DETAILED DESCRIPTION Catechol is produced in accordance with this invention by the dehydrogenation of dihydrocatechol in the presence of a slurry of a noble metal catalyst and a refluxing solvent. The dihydrocatechol is added gradually to the slurry of catalyst and refluxing solvent at a rate based on the rate of the dehydrogenation of the dihydrocatechol in the resultant reaction mixture. The dehydrogenation reaction is conveniently monitored by measuring the volume of hydrogen gas evolved from the reaction mixture. The refluxing of the solvent promotes the removal of the hydrogen gas from the reaction mixture.
The gradual addition of dihydrocatechol to the slurry of catalyst and refluxing solvent and the removal of the hydrogen from the reaction mixture appear to be critical to the success of the process. It is theorized that the dihydrocatechol hydrogenatesabout as readily as it dehydrogenates. Hydrogenation of dihydrocatechol produces tetrahydrocatechol. The tetrahydrocatechol is more, difficult to dehydrogenate than is the dihydrocatechol and, therefore, the yield of catechol is reduced. Thus it is desirable to minimize the opportunity for the dihydrocatechol to be hydrogenated.
The process ot the invention ensures that there is never a large excess ol'dihydrocatechol in the reaction mixture at anygiven time. Additionally, the refluxing solvent provides a vehicle for removing from the reaction mixture the hydrogen gas produced by the dehydrogenation reaction, which hydrogen gas if left in the reaction mixture would tend to hydrogenate the dihy drocatechol being added to the slurry.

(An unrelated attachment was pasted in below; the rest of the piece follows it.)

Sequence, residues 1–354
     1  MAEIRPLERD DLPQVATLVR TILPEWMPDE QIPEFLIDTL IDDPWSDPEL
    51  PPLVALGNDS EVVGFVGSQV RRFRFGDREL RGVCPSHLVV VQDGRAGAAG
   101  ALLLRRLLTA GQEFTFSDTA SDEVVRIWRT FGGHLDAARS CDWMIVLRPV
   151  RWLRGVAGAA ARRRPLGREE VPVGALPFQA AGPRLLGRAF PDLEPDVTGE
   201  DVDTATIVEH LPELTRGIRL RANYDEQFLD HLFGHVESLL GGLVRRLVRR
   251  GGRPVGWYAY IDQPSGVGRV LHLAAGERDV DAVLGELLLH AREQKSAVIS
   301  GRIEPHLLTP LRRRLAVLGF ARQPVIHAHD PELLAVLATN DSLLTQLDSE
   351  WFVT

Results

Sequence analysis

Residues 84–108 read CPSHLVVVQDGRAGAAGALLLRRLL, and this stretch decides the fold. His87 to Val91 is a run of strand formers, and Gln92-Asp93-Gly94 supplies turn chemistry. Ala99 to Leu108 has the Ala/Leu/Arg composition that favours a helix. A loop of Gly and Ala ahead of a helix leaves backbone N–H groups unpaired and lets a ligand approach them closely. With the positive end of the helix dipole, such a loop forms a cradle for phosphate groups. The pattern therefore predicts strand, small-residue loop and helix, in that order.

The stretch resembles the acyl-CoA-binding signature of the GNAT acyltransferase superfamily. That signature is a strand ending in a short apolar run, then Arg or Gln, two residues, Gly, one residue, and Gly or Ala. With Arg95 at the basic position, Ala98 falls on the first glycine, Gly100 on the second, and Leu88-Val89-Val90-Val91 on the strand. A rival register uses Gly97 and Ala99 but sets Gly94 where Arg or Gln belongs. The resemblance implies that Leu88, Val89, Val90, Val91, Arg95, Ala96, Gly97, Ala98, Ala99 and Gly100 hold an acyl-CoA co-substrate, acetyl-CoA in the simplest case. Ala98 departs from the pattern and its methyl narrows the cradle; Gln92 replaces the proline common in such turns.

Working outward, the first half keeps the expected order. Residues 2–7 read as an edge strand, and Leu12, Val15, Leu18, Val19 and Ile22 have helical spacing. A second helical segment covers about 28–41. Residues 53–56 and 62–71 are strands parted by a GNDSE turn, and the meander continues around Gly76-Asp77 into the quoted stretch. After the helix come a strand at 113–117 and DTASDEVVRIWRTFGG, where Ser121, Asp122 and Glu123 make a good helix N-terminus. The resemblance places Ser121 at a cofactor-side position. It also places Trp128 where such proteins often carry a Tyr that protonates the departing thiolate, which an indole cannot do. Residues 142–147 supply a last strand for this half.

The rate of the dihydrocatechol addition is conveniently based on the rate of the dehydrogenation reaction. The rate of the dehydrogenation reaction may be measured by monitoring the evolution of hydrogen gas from the reaction mixture. For every mole of dihy.- drocatechol added to the slurry of catalyst and refluxing solvent one mole of hydrogen is produced if all the dihydrocatechol dehydrogenates to catechol. In actual practice, however, the dehydrogenation of the dihydrocatechol to catechol is not complete. It has been determined in accordance with the invention that best results are obtained if the dihydrocatechol is added at a rate such that the evolution of hydrogen gas is about to about percent of theory. If the evolution of hydrogen is less than about 90 percent of theory, the dihydrocatechol is being added too quickly to the slurry and lower yields of catechol are likely.
It is to be understood that there is a range of the rat of addition of the dihydrocatechol to the slurry of catalyst and refluxing solvent where the evolution of hydrogen gas will be at least 90 percent of theory because the dihydrocatechol is being added too slowly. Stated in another way, if the rate of addition of dihydrocatechol is less that the rate of dehydrogenation of the dihydrocatechol 90 to 95 percent of theory of hydrogen will be evolved. The rate of addition may, therefore, be increased until the rate of evolution of the hydrogen begins to fall below about 90 percent of theory.